the open ocean
my favourite spot on the boat, bonus points if you spot the container ship!
old mate 125 nautical miles off the coast
a near miss with a 300m long container ship

the controls
One of the rainy days
not much to see on the open ocean
another 'close call'
Land Ho!
Morning mist around Davao
Heading into the marina

Thursday, 12 June 2014

Sailing the seas

Early this week I received an offer completely out of the blue. I was asked to help crew a 60ft catamaran from Palau to the Philippines. (with a return flight included). I've never done any proper sailing but how could I say no to such an amazing experience.

So this morning we depart on what should be a 5-6 day journey. I'm excited but also a little nervous at the same time. After we get to the Philippines I have towards a week to check out Davao and Manila. I haven't been there before so would be happy if any of my readers wanted to recommend anything to see, do or more importantly to eat.

Hopefully I'll have some good stories to post about on my return.

Thursday, 29 May 2014

Japan Food: Chitose Okonomiyaki Restaurant

In a former post I mentioned how I’ll be forever thankful for Korean John for taking Alex and myself to what has become my favourite restaurant in the world – Chitose Okonomiyaki.
Chitose Okonomiyaki
tastes way better than it looks ;)
Chitose Okonomiyaki is a smallish restaurant located in the back alleys of Shinimamiya, Osaka. It’s solely run by a great man called Hideki. His restaurant has been family owned for generations and was handed down to him by his parents when they retired.

Ok so for the uninitiated, what is Okonomiyaki? It’s often referred to as a Japanese savoury pancake (or pizza), personally I think it’s a little more accurate to call it a Japanese version of an omelette. It’s basically shredded cabbage mixed with egg, flour, green onions, your choice of beef/bacon/shrimp/squid, topped with okonomiyaki sauce and seaweed & benito flakes. It’s cooked (and served) on a hot plate in front of you. Sometimes noodles are included in the mix as well. Also Hideki does a version with cheese that is pretty awesome as well, but very filling.
Okonomiyaki in progress

Hideki’s okonomiyaki is by far the best I’ve tasted. After my first visit with Alex in 2011 it was only a matter of 1 or 2 days before we were back again and by the end of the trip we had eaten there 4 times. Each time Amanda and I return to Japan we tend to eat there at least twice a week. Hideki cooks some amazing side dishes that you must try, my picks are: Squid with butter, pan fried oysters and shrimp cooked in egg. Amanda and I have worked out that if we order one mixed okonomiyaki (shrimp, squid & bacon) and one or maybe two side dishes we get a huge feed.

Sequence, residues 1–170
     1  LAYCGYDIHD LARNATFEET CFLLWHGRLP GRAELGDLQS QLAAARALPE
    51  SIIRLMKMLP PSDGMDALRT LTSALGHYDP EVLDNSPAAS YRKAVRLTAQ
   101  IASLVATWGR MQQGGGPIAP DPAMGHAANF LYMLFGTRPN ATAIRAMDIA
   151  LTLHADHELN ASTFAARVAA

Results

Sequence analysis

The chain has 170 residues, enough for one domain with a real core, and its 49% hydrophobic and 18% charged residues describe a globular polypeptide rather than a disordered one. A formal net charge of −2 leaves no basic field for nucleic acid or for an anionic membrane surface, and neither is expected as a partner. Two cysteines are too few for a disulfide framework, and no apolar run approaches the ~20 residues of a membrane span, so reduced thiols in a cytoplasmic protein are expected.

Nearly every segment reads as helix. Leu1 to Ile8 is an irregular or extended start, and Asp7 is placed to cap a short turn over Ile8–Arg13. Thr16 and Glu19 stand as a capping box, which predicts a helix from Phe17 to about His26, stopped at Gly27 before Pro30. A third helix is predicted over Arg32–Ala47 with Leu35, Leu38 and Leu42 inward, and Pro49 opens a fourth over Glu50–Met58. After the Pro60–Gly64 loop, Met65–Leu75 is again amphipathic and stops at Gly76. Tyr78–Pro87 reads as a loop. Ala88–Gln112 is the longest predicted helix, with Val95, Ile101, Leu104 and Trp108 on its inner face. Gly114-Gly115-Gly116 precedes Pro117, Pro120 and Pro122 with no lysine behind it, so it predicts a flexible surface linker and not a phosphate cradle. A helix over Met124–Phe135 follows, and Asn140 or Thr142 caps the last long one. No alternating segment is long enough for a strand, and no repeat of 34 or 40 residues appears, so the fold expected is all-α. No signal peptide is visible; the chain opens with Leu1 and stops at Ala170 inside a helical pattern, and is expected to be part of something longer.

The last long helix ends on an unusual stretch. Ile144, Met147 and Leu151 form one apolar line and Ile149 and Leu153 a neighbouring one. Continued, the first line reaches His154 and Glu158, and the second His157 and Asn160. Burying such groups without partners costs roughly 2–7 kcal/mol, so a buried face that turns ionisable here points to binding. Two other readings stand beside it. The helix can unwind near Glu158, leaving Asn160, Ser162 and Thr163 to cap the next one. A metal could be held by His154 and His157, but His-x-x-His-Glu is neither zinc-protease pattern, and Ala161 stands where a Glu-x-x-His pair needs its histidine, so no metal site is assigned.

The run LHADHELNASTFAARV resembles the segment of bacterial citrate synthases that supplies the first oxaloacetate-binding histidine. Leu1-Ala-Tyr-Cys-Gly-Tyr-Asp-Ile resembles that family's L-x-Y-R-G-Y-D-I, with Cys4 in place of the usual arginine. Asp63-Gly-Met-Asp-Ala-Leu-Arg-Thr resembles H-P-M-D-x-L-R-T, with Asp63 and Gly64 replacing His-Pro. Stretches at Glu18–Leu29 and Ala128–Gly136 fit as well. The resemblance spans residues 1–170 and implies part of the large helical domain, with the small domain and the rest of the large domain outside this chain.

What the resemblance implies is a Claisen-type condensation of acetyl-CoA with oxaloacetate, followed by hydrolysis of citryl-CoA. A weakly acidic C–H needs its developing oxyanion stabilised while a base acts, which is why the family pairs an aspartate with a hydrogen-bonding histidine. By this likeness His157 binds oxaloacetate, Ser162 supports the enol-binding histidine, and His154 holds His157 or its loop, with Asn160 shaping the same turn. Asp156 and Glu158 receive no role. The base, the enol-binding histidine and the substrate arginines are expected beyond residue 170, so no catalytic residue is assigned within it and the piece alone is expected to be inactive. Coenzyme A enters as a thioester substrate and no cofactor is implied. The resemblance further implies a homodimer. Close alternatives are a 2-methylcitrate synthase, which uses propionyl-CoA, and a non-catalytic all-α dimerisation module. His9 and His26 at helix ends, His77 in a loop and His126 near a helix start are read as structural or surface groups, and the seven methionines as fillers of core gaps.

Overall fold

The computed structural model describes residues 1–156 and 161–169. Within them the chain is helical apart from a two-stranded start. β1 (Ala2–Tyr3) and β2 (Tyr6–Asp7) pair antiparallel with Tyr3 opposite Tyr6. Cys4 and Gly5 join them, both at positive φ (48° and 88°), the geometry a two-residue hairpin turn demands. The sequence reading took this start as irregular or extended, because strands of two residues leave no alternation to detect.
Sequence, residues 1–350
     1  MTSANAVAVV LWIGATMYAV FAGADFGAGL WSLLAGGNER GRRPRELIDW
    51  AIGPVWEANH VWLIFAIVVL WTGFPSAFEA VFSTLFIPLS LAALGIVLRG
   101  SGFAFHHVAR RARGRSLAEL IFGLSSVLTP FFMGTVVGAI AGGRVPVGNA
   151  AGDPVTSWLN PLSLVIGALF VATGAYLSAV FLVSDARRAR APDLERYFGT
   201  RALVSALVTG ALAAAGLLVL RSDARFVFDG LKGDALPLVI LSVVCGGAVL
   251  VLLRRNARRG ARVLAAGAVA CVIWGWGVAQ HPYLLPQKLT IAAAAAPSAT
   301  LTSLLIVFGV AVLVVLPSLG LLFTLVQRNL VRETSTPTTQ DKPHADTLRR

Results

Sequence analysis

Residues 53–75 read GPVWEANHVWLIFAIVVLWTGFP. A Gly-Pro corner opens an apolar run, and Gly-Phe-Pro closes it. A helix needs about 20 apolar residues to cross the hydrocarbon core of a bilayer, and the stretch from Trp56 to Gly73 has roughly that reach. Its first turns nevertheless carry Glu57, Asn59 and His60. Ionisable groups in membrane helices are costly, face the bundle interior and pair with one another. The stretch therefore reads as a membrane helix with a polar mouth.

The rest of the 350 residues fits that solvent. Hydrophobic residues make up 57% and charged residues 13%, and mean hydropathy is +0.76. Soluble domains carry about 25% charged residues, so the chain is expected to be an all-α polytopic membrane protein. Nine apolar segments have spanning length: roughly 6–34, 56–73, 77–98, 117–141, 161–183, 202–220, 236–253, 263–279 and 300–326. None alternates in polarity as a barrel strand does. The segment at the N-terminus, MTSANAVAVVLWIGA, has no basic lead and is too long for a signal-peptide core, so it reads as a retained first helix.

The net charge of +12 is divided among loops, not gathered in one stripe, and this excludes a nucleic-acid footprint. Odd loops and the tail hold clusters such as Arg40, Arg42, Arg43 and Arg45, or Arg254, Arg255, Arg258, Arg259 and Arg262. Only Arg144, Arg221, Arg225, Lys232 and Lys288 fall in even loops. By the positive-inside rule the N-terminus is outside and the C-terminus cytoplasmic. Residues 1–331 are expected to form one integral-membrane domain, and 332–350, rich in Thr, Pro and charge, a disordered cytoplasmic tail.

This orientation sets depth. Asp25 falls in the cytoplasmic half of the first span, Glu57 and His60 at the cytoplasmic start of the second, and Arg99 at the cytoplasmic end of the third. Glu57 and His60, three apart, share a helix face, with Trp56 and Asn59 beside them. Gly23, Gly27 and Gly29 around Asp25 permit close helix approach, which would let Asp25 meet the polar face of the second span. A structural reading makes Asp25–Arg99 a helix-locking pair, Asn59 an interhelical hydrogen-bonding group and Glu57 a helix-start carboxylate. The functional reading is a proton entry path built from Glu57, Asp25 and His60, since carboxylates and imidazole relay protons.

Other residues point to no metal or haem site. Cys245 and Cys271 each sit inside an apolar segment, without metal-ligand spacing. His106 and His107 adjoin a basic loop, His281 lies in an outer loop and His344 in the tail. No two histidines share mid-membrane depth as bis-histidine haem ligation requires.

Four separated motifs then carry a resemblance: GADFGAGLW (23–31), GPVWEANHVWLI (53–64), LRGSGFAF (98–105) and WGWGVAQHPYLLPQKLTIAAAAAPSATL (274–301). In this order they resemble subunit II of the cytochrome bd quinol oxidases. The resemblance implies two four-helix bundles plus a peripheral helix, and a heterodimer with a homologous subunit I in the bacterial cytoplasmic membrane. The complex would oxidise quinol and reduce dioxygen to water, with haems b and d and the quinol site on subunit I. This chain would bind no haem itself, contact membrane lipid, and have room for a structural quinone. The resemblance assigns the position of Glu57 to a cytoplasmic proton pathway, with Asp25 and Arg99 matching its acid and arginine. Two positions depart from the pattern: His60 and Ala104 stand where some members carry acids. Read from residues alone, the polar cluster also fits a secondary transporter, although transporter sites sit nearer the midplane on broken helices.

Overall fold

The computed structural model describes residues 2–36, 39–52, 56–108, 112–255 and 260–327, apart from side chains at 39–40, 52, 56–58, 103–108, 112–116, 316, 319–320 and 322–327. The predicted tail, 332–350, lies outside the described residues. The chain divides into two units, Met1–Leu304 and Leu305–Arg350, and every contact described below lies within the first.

As for prices, a mixed okonomiyaki is 750 yen, side dishes are about 350 yen. A large bottle of beer is 500. This is a super cheap meal, you’ll be hard pressed to find such a great feed for so little yen anywhere else in Japan. 
Prawns (shrimp with eggs)
Shrimp with egg
Fried Oysters


Squid with butter

Hideki himself is a great guy. His English is very good (he does have English menus), he is very funny and very generous. He has often given us a free beer, umeshu (plum wine) or side dish and typically tends to round down our bill. This often ends with us trying to force extra cash on him. He was so generous with Alex and I that on our last day in Japan we stuck our head inside his door, threw a 2000 yen note at him then turned and ran. Running away probably wasn’t a great idea as when I rounded the next corner I almost knocked a cop off his bicycle. I still wonder what the cop thought of two white boys sprinting away from a small restaurant in a non-tourist area in Osaka. 

The restaurant itself is a little small by western standards, it has two small ‘hot-plate’ tables that can fit 4-5 people and a counter that seats another 4. Sometimes we’ve gone to eat there to find the restaurant completely full with locals, this is no problems as most people are in and out fairly quickly. 

Fun times at Chitose
We’ve had some great nights at Chitose, the most recent when Amanda and I crashed a birthday party on our last trip. We stepped inside to take the two spare seats at the counter to be greated with a massive round of applause and cheers. I’m still puzzled as to whether Hideki had mentioned us the party or whether they were just drunk enough that two whiteys entering the restaurant was the best thing to happen all night. In true Japanese fashion we quickly made friends with the group and were topping up each other’s beers. Unfortunately the birthday boy got so drunk he lost the use of his legs, this was quite funny at the time until we found out later he was sick enough the next day they put him in hospital. (Yes he’s fine now). If you want to really see Japan and not eat with a bunch of fellow tourists here is a great place to do it. 

And just in case you’ve tried okonomiyaki elsewhere in the world (like Australia) you absolutely have to try it again here. Since first eating at Chitose I’ve tried to find comparable okonomiyaki in and out of Japan and have failed miserably. Some are hardly even recognisable as okonomiyaki, case and point Mizu Restaurant in New Farm, Brisbane – it was more like a McDonald’s hash brown.

To sum up, great food, great chef, great customers, great fun… if you aren’t staying in the area, make the effort to eat here. Combine it with an afternoon/evening walking around Shinsekai and Dobutsuenmae areas. And please say Konnichiwa to Hideki for me!

Here is the Chitose website complete with a Engrish menu and a map. The easiest way to find Chitose is to find the start of the Dobutsuenmae shopping street, then take the 3rd alley on the right. 

NB. Chitose is closed on Wednesdays.